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Original post by Strider_Hiryu
I have yet to spend $500 in learning tools and classes for getting into, or learning software development. If you're gonna get a loan for that much, you'd be much better off getting a degree. At least with that, you can go anywhere, as opposed to having a bunch of certifications for one particular trade. Who knows, after 5 months or so of training, you may not even like software development. Even if you want to just go for the networking, once again, I've spent far less than that in order to get 'connected' with people. It costs nothing to go out and meet people that like doing something, and 9 times out of 10, they'll be more than willing to give you the guidance you need. After all, you're on GameDev, that's a pretty decent connection in itself. You wanna meet people in your area that do tech stuff? Start at the bottom, and get a job doing helpdesk. do it for a year or two, meet people, improve your skill, and move up. At the least if you don't meet anyone, or decide not to pursue tech, you've made some money as opposed to losing it.


i think we both have degrees. i saw another post by gekko and i think he said he got his 5 years ago. i got my bs degree in cs last year.


School is great for the fundamentals, but once again, in the real world, experience is what counts and what will land you the job. Just think, if i were to take a .net class at school, i would probably go for 3 hours a week right? If i were to read a book in my spare time i would proabably read for 2-3 hours a day...Well, setfocus is training us for 40 hours a week and gives us real world projects. I figure that after this training i still wont be a guru or anything but i should have above average knowledge on the platform.

youre right about starting at the bottom and working your way up, but it all depends on whats more valuable to you, money or time.


the way i see it, if i can get a job paying at least 35-40k after this experience, it was worth the 17 grand. And i can pay that off within a few months and be done with it. I would prefer to go that route instead of working a help desk job for 13-15 dollars a hour for a year or two. My time is much more precious to me right now.

[Edited by - jason02 on September 16, 2006 6:17:11 PM]

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Quote:
Original post by jason02
Quote:
Original post by Strider_Hiryu
I have yet to spend $500 in learning tools and classes for getting into, or learning software development. If you're gonna get a loan for that much, you'd be much better off getting a degree. At least with that, you can go anywhere, as opposed to having a bunch of certifications for one particular trade. Who knows, after 5 months or so of training, you may not even like software development. Even if you want to just go for the networking, once again, I've spent far less than that in order to get 'connected' with people. It costs nothing to go out and meet people that like doing something, and 9 times out of 10, they'll be more than willing to give you the guidance you need. After all, you're on GameDev, that's a pretty decent connection in itself. You wanna meet people in your area that do tech stuff? Start at the bottom, and get a job doing helpdesk. do it for a year or two, meet people, improve your skill, and move up. At the least if you don't meet anyone, or decide not to pursue tech, you've made some money as opposed to losing it.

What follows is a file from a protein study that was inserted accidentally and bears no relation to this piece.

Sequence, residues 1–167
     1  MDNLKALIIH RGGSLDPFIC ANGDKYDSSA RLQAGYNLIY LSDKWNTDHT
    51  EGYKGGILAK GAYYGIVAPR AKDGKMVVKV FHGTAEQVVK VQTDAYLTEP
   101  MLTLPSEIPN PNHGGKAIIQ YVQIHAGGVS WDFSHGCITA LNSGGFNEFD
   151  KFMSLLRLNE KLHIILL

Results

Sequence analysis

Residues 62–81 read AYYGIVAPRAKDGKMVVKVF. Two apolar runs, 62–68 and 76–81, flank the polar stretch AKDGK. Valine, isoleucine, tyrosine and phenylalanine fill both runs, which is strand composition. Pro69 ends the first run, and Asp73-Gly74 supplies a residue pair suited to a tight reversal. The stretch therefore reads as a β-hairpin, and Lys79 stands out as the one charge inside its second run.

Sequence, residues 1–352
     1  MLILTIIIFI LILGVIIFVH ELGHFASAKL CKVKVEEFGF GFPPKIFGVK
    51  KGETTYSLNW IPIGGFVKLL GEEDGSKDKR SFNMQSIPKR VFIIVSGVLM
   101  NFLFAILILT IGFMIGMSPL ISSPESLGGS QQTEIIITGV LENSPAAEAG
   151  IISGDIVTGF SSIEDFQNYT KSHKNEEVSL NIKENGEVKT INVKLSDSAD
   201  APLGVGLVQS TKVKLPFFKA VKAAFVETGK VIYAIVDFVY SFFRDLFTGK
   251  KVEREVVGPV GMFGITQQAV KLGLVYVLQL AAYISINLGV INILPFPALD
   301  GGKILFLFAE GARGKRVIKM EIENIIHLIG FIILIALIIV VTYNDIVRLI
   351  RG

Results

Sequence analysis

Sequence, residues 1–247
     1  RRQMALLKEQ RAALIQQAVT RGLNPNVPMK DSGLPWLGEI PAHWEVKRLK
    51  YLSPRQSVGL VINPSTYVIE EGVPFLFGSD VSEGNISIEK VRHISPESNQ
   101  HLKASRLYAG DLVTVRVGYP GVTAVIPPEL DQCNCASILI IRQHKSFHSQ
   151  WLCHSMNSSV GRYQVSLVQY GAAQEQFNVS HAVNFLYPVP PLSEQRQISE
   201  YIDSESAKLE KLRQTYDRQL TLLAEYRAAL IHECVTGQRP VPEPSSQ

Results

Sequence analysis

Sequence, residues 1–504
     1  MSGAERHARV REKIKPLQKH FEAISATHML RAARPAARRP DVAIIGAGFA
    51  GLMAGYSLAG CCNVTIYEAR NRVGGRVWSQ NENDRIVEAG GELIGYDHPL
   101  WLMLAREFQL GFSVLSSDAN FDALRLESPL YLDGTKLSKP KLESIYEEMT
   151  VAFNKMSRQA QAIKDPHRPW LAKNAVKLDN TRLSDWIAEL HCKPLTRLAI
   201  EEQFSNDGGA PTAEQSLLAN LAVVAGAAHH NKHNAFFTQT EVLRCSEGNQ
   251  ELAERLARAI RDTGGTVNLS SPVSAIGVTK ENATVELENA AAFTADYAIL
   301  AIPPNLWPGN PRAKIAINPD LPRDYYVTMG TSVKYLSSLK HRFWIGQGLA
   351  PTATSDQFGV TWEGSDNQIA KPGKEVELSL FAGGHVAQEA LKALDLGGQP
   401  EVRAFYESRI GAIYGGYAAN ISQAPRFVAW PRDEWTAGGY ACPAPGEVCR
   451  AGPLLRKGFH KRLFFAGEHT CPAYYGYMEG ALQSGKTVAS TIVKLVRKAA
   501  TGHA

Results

i think we both have degrees. i saw another post by gekko and i think he said he got his 5 years ago. i got my bs degree in cs last year.


School is great for the fundamentals, but once again, in the real world, experience is what counts and what will land you the job. Just think, if i were to take a .net class at school, i would probably go for 3 hours a week right? If i were to read a book in my spare time i would proabably read for 2-3 hours a day...Well, setfocus is training us for 40 hours a week and gives us real world projects. I figure that after this training i still wont be a guru or anything but i should have above average knowledge on the platform.

youre right about starting at the bottom and working your way up, but it all depends on whats more valuable to you, money or time.

im approaching thirty and i need to get my career started quickly. If i were 21, maybe i wouldnt mind working my way up.

the way i see it, if i can get a job paying at least 35-40k after this experience, it was worth the 17 grand. And i can pay that off within a few months and be done with it. I would prefer to go that route instead of working a help desk job for 13-15 dollars a hour for a year or two. My time is much more precious to me right now.


You've got a point. Thinking about it in terms of time(I'm only 23, still working on a degree) makes the world of difference. I was using myself as an example. That's pretty much how I got into software development. Perhaps by the time I'm in my 30s or 40s, a class like that would be useful to me.

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The real world wants real world experience, dealing with inaccurate requirements, ornery co-workers, unreasonable deadlines, and innumerable other nuances which no classroom can provide. That's why it's so valuable.